Once Upon a Time by Marina Warner

Distinguished academic Marina Warner (http://en.wikipedia.org/wiki/Marina_Warner and http://www.marinawarner.com/home.html) offers a short history and analysis of the fairy tale. I was alerted to this by the Guardian review (http://www.theguardian.com/books/2014/nov/20/once-upon-a-time-a-short-history-of-fairy-tale-marina-warner) which turned out to be a splendid summary.

What is a fairy tale? Where do they come from and what do they mean? What do they try and communicate to us about morality, sexuality, and society? The range of fairy tales stretches across great distances and time; their history is entangled with folklore and myth, and their inspiration draws on ideas about nature and the supernatural, imagination and fantasy, psychoanalysis, and feminism.  Warner has loved fairy tales over a long writing life, and she explores in this book a multitude of tales through the ages, their different manifestations on the page, the stage, and the screen. From the phenomenal rise of Victorian and Edwardian literature to contemporary children’s stories, she unfolds a glittering array of examples, from classics such as Red Riding Hood, Cinderella, and The Sleeping Beauty, the Grimm Brothers’ Hansel and Gretel, and Hans Andersen’s The Little Mermaid, to modern-day realizations including Walt Disney’s Snow White and gothic interpretations such as Pan’s Labyrinth.  In ten succinct chapters, the author digs into a rich hoard of fairy tales in their brilliant and fantastical variations, in order to define a genre and evaluate a literary form that keeps shifting through time and history. Her book makes a persuasive case for fairy tale as a crucial repository of human understanding and culture. Warner’s book has certainly increased my understanding and I recommend it to you.

Alongside this you could do no better than read Iona and Peter Opie, editors, 1974. The Classic Fairy Tales (Oxford University Press). This presents the texts of twenty-four familiar fairy tales as they were first published in English. It summarizes the history of each tale, especially from the textual point of view. Available at this link  http://www.amazon.co.uk/Classic-Fairy-Tales-Iona-Opie/dp/0192115596/ref=sr_1_1?s=books&ie=UTF8&qid=1418034938&sr=1-1&keywords=opie+classic+fairy+tales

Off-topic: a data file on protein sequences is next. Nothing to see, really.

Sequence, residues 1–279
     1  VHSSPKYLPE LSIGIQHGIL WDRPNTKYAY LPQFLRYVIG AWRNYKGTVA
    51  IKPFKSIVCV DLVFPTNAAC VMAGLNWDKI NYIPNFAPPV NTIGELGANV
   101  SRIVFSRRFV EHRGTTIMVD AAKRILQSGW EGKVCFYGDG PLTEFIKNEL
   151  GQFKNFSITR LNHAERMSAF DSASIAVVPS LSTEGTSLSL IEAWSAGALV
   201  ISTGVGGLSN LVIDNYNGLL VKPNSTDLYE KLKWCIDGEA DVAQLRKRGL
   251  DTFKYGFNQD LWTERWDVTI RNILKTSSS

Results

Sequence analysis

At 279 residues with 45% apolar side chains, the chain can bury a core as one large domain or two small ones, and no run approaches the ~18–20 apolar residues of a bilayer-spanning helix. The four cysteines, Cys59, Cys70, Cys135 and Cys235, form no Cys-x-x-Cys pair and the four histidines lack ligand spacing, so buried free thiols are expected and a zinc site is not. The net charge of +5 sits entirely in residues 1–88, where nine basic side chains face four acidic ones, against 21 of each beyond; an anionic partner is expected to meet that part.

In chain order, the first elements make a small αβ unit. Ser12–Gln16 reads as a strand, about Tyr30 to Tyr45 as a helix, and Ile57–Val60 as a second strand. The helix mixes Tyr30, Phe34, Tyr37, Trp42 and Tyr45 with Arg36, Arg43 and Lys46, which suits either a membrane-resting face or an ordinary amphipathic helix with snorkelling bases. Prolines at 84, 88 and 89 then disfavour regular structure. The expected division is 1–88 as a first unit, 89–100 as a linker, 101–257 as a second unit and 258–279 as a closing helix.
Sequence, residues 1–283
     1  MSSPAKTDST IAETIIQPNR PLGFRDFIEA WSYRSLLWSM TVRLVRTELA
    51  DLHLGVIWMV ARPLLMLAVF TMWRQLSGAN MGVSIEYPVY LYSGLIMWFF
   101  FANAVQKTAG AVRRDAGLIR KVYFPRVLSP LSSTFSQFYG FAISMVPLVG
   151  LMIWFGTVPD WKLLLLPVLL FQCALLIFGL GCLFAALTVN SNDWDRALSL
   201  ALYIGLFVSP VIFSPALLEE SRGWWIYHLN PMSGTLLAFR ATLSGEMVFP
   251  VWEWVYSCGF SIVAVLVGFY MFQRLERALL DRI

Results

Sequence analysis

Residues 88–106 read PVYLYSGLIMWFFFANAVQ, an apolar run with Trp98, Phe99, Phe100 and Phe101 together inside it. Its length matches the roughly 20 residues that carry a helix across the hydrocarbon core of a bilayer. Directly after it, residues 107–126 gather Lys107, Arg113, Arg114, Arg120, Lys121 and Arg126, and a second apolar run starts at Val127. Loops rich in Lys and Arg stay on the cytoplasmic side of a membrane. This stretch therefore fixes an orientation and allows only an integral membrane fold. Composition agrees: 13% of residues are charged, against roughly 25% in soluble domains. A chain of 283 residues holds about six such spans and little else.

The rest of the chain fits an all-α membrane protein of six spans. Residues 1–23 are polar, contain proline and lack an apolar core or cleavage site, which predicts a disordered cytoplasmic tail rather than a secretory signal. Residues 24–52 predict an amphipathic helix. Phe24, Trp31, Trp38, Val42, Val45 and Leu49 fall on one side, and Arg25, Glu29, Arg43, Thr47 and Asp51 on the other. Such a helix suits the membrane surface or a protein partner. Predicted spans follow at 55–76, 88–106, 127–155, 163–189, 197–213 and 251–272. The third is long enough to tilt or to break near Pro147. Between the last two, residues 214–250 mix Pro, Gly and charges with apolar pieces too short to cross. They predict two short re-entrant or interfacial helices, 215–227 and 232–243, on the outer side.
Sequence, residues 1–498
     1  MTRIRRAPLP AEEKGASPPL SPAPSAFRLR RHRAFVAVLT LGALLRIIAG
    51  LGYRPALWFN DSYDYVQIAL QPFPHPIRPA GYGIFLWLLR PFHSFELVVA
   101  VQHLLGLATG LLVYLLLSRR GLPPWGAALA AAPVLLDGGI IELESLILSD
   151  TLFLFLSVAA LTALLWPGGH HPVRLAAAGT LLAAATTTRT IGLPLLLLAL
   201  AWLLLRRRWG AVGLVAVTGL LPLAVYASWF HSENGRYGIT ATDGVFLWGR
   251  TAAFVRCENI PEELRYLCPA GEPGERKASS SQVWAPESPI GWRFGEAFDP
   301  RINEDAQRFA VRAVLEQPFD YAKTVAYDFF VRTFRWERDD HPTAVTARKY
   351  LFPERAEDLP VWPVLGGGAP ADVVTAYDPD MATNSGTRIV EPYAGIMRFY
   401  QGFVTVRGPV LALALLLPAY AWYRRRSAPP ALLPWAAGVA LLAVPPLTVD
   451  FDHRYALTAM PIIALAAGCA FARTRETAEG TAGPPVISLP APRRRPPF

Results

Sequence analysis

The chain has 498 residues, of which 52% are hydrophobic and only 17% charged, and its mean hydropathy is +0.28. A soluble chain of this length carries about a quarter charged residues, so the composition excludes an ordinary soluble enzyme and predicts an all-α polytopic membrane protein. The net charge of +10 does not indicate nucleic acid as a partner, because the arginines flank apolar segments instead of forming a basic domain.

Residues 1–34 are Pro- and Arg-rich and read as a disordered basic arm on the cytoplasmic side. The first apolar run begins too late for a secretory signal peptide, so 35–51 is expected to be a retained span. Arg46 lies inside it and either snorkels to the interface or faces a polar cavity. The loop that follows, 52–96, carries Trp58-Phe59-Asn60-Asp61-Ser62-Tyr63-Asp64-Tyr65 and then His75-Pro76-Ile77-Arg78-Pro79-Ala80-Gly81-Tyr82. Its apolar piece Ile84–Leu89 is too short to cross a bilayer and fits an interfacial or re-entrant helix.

Also don’t miss Bruno Bettelheim’s 1985 psychological analysis of fairy tales – The Uses of Enchantment: The Meaning and Importance of Fairy Tales. Available at http://www.amazon.co.uk/Uses-Enchantment-Meaning-Importance-Fairy/dp/0394497716/ref=tmm_hrd_swatch_0?_encoding=UTF8&sr=1-1&qid=1418035138  or enquire at your local library.

Do also read the short article in the New Statesman by Rowan Williams on fairy tales available at the link  http://www.newstatesman.com/culture/2014/12/rowan-williams-why-we-need-fairy-tales-now-more-ever

For a discussion on the Brothers Grimm fairy tales, listen to the Radio 4 ‘In Our Time’ episode (45 minutes) available at  http://www.bbc.co.uk/programmes/b00h8t18  With Juliette Wood, Associate Lecturer in Folklore at Cardiff University; Marina Warner, Professor in the Department of Literature, Film and Theatre Studies at the University of Essex; Tony Phelan, Professor in German at Keble College, Oxford.

Oh! By the way – sweet dreams.

232 pages in Oxford University Press

First published 23 October 2014

ISBN 978-0198718659

What I see in the mirror: Marina Warner

Marina Warner

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